Be on the lookout -- the solution to the "primary" problem may soon be coming up I-5 to Seattle. But not from Olympia. Tacoma, actually Pierce County, is set to become the state leader in voting reform.
The solution is Pierce County Charter Amendment 3. If passed by the voters Nov. 7, we would eliminate the pick-a-party primary and instead use instant-runoff voting (IRV) at the general election.
Instant-runoff voting lets the voters rank the candidates on the ballot, regardless of party, and eliminates the least popular candidates until a majority winner is reached.
It's easy to understand through an example. In the senatorial race, the Cantwell camp is putting pressure on the Green Party Candidate Aaron Dixon to get out of the race. In a close race, even a small number of votes for Dixon could give the race to Republican Mike McGavick. Certainly the McGavick campaign has similar worries about a Libertarian spoiler given Bruce Guthrie's infusion of $1.2 million into his campaign budget.
It is quite possible that the winner will not have a majority, a disturbing outcome in a democracy. With instant-runoff voting , voters who prefer Dixon and Guthrie could select a second and even third choice. After the minor candidates are eliminated the race would come down to Cantwell vs. McGavick, the winner would have a majority, and thus more legitimacy to govern. instant-runoff voting would be just like an election between the top two candidates -- yet accomplished in one election.
Consider another example. Many Seattle residents, those in the 43rd Legislative District, may soon be represented by a legislator that the majority does not prefer. In a six-way Democratic race Jamie Pedersen won with 23 percent of the vote, beating Jim Street by only 1 percent. It is possible -- and given the way we now vote we will never know -- that Street would win in a traditional or instant runoff.
Our current voting system allows for vote splitting and minority winners at both the primary and general elections. Amendment 3 in Pierce County would establish only one general election with instant-runoff voting and produce a majority winner.
Amendment 3 levels the playing field for independents and third parties by requiring the same number of signatures for ballot access that applies to the major parties. The current law, put in place by the two major parties, makes it more difficult for independents and third parties to get on the ballot.
Amendment 3, unlike the Top Two primary, will avoid legal problems because it gives control over the use of the party's name to the party, thereby respecting the First Amendment rights of association that also got the old blanket primary into trouble with the courts. While at first this may seem like giving more power to the major parties, the opposite is true.
Because instant-runoff voting eliminates the lesser-of-two-evils approach to voting, independent and third-party candidates will receive many first-choice votes from those who are only weakly attached to the two major parties, a growing number almost every year. The parties may have a bit more control internally but they will face more serious competition externally -- more candidates and thus more voices will participate in the instant-runoff voting election.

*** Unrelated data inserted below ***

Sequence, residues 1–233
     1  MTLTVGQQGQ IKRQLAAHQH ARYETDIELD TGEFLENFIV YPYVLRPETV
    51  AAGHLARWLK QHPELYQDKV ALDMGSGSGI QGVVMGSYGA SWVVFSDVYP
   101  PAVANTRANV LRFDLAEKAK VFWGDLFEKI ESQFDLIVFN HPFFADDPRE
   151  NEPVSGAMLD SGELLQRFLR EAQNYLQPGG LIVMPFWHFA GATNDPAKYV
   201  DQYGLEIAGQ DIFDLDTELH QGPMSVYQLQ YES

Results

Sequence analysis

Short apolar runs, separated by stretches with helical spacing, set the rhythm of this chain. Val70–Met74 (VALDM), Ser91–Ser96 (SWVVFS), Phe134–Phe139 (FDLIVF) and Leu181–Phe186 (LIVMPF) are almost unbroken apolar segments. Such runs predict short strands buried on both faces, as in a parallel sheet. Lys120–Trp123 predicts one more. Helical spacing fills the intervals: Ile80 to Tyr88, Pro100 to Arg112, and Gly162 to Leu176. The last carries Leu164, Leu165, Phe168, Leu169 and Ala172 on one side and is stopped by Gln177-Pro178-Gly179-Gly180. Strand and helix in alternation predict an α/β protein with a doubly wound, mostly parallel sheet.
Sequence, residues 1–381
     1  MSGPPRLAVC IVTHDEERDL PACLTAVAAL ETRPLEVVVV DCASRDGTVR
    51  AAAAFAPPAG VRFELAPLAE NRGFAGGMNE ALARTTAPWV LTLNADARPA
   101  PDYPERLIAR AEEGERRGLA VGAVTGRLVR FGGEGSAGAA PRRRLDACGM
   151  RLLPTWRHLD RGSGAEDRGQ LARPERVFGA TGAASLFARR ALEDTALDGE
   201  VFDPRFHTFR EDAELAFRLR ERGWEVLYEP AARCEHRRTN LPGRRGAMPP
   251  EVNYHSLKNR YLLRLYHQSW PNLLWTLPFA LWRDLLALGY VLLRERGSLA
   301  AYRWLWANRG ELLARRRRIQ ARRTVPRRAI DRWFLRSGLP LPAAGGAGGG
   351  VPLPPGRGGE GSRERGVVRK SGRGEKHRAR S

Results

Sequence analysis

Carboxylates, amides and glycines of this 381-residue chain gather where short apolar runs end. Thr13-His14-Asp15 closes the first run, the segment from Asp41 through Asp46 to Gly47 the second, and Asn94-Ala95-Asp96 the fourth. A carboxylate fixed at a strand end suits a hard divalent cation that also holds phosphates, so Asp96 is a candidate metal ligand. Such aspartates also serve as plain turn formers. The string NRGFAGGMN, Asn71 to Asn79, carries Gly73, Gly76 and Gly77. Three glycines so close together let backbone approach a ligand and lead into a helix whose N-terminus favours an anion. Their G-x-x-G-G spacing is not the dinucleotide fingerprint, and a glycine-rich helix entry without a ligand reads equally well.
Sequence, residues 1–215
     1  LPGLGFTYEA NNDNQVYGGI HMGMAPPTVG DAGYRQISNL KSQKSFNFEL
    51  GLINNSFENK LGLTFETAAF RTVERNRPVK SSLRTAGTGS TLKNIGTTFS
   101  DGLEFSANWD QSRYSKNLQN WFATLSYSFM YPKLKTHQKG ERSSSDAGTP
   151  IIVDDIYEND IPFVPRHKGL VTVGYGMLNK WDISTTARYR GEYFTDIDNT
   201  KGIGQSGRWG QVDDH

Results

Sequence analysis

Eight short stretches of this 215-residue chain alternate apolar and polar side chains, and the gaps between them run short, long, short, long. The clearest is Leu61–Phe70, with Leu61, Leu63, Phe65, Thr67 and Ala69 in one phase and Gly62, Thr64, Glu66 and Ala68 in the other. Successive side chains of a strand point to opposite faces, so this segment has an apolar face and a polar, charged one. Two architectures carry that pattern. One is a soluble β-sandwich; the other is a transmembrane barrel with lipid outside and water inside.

Candidates who would be popular with the people but who are shunned by the parties can simply run as independents or on third-party tickets. Parties, of course, will be aware of this and thus will have an incentive to let popular candidates use their names.
Further, let's not understate the power that insiders already possess. Unlike the 43rd, in most districts party bosses are able to impede any meaningful challenges to their preferred candidate, particularly an incumbent. The pick-a-party primary is typically acquiescence by voters to a decision that has already been made by party insiders.
Both King and Pierce are home-rule counties, meaning they have their own charters, which grant them substantial autonomy from Olympia. In Pierce County, Amendment 3 was put on the ballot by a vote of the Charter Review Commission. The review of the King County Charter begins in November and County Executive Ron Sims is considering commissioners.
There is nothing to prevent King County from following the lead of Pierce County by adopting instant-runoff voting for county elections. Now is the time to ask Sims to appoint commissioners who will consider replacing the pick-a-party primary with instant-runoff voting.
Once Pierce and King, the state's two most populous counties, have adopted instant-runoff voting, we can car pool to Olympia and solve the problem for statewide offices.
Richard Anderson-Connolly is associate professor of sociology and international political economy at the University of Puget Sound in Tacoma. He is on the steering committee for Pierce County Amendment 3.
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